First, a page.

A Theory of Structural Change That Can Fit the Data
- American Economic Journal: Macroeconomics (Forthcoming)
We study structural change in historical consumption expenditure of the
United States, the United Kingdom, Canada, and Australia over more
than a century. We characterize the most general class of preferences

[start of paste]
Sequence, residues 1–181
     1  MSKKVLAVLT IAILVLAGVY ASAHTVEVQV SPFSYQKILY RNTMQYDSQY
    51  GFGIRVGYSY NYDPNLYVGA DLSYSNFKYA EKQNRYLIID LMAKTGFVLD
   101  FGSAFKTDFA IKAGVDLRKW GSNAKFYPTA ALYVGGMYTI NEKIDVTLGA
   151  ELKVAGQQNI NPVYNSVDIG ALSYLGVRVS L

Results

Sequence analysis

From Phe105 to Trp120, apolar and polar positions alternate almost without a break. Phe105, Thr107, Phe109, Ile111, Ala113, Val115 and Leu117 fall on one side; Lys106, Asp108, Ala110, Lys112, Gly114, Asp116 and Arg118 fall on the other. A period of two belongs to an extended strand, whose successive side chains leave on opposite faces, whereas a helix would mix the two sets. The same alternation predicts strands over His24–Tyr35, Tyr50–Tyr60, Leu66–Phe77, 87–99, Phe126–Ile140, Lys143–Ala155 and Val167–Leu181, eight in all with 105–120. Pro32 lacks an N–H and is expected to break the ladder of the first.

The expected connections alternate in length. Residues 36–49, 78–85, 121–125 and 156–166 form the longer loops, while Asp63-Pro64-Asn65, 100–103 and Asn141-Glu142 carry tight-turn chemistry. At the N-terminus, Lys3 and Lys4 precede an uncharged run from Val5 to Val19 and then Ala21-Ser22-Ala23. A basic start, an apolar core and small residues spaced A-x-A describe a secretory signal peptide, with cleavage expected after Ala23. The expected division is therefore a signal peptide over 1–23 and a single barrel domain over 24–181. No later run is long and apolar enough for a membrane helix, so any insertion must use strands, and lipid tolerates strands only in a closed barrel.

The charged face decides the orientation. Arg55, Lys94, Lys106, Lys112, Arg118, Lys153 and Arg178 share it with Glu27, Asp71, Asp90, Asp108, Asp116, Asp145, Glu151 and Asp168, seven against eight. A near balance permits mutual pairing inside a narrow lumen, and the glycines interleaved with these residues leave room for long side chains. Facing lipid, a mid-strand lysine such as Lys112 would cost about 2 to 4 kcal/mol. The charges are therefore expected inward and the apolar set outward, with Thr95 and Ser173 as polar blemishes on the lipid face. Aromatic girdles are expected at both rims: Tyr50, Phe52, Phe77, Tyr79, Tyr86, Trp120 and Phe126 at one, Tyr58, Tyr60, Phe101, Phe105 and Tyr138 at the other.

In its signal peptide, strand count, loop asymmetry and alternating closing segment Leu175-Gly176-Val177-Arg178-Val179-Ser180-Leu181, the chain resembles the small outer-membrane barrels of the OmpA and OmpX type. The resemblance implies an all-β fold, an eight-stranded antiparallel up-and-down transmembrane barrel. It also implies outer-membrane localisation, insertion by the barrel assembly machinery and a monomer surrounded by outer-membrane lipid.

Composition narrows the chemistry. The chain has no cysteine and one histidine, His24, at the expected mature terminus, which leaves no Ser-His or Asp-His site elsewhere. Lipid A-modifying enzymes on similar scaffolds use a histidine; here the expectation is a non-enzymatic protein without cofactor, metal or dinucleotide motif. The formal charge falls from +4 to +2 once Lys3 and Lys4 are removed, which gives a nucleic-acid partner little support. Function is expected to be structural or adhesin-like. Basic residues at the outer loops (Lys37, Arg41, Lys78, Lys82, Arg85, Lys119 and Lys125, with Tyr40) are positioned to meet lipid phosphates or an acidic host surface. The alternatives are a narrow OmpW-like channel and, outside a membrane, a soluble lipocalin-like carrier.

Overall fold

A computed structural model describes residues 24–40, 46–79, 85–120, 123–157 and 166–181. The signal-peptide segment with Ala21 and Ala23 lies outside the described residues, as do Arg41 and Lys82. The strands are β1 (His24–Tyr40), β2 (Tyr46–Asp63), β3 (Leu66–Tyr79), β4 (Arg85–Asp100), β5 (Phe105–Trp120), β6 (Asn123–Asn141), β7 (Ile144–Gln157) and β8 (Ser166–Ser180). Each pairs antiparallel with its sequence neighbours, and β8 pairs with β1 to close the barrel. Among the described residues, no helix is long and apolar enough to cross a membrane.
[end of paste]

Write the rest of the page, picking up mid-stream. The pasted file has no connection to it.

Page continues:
in a time-additive setting that admits aggregation of the saving decision
and allows to identify preference parameters from aggregate data.
We parametrize and estimate such intertemporally aggregable (IA) preferences
and discuss their properties in a dynamic general equilibrium
framework with sustained growth. Our preference class is considerably
more flexible than the Gorman form or PIGL, giving rise to a good fit of
the non-monotonic pattern of structural change.
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